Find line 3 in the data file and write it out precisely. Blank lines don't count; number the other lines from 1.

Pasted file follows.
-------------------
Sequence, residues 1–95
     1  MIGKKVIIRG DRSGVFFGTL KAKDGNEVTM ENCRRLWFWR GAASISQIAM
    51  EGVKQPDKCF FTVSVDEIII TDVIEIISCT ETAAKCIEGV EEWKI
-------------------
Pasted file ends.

    51  EGVKQPDKCF FTVSVDEIII TDVIEIISCT ETAAKCIEGV EEWKI